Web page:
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I was wondeirng if anyone knew any good textbooks on Differential Geometry for independent study, at an undergraduate level. Thanks a bunch!

-Tim

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- Thread starter TimNguyen
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In summary, Spivak's Calculus on Manifolds is a well-grounded introduction to the calculus of tensors and differential forms on manifolds, while Comprehensive Introduction to Differential Geometry by Spivak is the best overall diff geom book out there. If you have little geometric experience outside of high school geometry, then you might want to start out with Spivak's Volumes 1 and 2, which are easier.

- #1

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I was wondeirng if anyone knew any good textbooks on Differential Geometry for independent study, at an undergraduate level. Thanks a bunch!

-Tim

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Start with Spivak's Calculus on Manifolds for a well-grounded introduction to the calculus of tensors and differential forms on manifolds. Note that there is not a single useless or wasted exercise in the entire book. All of them should be taken as part of the text. You can then use Spivak's "Comprehensive Introduction to Differential Geometry".

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you might try some easier books like Noel J Hicks, or do Carmo, or Ted Shifrin's notes availablef ree from his website at University of georgia first.

Spivak spends an entire thick book, vol 1, on foundations of diff manifolds, a bit of a heavy meal. then vol 2 is a fantastic intro to the curvature tensor, the heart of diff geom. then it just goes on from there.

so if you get bored in vol 1 just go on to vol 2 for the geometry and refer back to vol 2 for needed facts. of course you need the definition of a manifold and a tangent space but that's about all.

a very easy book to read on a closely related subject diff top, is by guillemin and pollack, and intended for undergrads.

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Thus, I would recommend John Oprea's Differential Geometry, Millman and Parker's text (Elements of Differential Geometry, I think), and/or Do Carmo's book on the geometry of curves and surfaces.

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well of course it depends on how strong the student is. I taught from little spivak in my senior level advanced calc course as a Pre PhD teacher at a small regional school 30 years ago, and it was too strong for the weaker ones and excellent for the strongest one. Our own state university uses it for junior level math majors and it works about right there. At Harvard they often start out strong sophomores and freshmen on much harder stuff.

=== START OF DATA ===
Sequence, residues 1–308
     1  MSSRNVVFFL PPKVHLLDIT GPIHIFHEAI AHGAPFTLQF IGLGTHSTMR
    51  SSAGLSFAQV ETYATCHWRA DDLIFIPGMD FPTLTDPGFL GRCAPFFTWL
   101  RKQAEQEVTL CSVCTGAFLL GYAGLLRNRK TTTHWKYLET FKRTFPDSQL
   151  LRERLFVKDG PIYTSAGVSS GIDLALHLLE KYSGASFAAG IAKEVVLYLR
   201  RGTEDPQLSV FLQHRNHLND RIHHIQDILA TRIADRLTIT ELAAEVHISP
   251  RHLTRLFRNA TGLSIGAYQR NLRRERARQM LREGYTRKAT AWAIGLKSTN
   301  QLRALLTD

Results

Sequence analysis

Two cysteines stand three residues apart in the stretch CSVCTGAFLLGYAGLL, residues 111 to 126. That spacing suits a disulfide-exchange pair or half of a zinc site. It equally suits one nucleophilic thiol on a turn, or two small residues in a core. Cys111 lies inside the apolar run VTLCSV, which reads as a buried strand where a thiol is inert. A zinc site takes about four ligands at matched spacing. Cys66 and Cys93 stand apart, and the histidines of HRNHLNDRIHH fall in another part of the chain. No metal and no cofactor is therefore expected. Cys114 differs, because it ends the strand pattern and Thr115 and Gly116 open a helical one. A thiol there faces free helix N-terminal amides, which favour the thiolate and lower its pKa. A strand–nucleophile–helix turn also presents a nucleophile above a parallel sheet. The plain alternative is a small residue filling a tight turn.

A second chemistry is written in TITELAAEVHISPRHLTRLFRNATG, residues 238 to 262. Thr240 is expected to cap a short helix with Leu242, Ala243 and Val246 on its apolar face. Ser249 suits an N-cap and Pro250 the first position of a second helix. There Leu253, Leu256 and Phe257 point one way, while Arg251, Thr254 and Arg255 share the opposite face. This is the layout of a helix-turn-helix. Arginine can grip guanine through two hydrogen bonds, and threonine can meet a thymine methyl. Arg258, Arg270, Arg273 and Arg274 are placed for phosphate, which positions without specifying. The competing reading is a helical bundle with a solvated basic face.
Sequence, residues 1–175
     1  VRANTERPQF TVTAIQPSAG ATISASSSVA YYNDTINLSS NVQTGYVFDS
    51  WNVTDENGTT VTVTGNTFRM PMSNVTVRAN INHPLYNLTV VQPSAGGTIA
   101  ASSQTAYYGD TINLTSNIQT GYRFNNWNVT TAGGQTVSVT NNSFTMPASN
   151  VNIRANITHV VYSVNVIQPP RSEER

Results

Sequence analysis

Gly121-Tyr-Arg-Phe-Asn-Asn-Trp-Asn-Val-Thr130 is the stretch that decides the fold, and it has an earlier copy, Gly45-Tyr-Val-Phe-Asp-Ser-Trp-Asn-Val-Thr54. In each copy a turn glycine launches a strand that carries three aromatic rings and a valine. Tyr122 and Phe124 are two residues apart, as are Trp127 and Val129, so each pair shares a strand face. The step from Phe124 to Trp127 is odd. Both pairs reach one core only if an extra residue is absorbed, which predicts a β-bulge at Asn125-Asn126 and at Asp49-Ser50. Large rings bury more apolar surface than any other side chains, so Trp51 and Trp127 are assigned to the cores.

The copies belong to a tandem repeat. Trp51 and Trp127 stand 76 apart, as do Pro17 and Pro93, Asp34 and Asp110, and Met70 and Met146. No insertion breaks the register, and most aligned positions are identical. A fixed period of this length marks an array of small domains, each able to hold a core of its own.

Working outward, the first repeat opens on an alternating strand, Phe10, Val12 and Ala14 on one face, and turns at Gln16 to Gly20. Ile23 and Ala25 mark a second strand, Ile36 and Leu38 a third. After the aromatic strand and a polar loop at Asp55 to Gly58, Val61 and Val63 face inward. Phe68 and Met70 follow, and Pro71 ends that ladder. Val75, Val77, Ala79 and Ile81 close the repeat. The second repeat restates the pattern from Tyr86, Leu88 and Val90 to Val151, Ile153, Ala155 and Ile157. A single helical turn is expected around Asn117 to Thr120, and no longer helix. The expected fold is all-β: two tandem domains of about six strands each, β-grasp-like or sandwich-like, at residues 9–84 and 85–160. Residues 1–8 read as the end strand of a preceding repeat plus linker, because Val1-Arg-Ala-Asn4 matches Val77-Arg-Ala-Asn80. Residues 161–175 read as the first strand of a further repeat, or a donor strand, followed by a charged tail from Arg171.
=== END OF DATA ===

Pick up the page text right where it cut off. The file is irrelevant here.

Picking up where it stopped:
So shop around among these recommendations for the one that lights your fire without scorching you.

So shop around among these recommendations for the one that lights your fire without scorching you.

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mathwonk said:

you might try some easier books like Noel J Hicks, or do Carmo, or Ted Shifrin's notes availablef ree from his website at University of georgia first.

Spivak spends an entire thick book, vol 1, on foundations of diff manifolds, a bit of a heavy meal. then vol 2 is a fantastic intro to the curvature tensor, the heart of diff geom. then it just goes on from there.

so if you get bored in vol 1 just go on to vol 2 for the geometry and refer back to vol 2 for needed facts. of course you need the definition of a manifold and a tangent space but that's about all.

a very easy book to read on a closely related subject diff top, is by guillemin and pollack, and intended for undergrads.

Could you please give me the website for the note?

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Course of differential geometry http://arxiv.org/abs/math.HO/0412421

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Flanders has a good book on diff G. My teacher tought me from it, I was pleased with its quality.

The purpose of independent study is to allow students to take control of their own learning and explore topics that interest them in depth. It requires self-motivation, time management, and critical thinking skills.

A good text for independent study should be engaging, challenging, and relevant to the topic being studied. It should also provide clear and thorough explanations, as well as opportunities for students to apply their learning.

Choosing the right text for independent study requires careful consideration of your goals, interests, and abilities. It is important to find a text that you are truly interested in and that will challenge you in a meaningful way.

Yes, you can use multiple texts for your independent study. In fact, it is often beneficial to use a variety of resources to gain a well-rounded understanding of your topic. Just make sure that the texts you choose complement each other and do not overlap too much.

Some effective strategies for studying a text for independent study include creating a study schedule, taking notes, summarizing key points, and actively engaging with the material through discussions or reflections. It is also important to regularly review and reflect on your learning to ensure understanding and retention.

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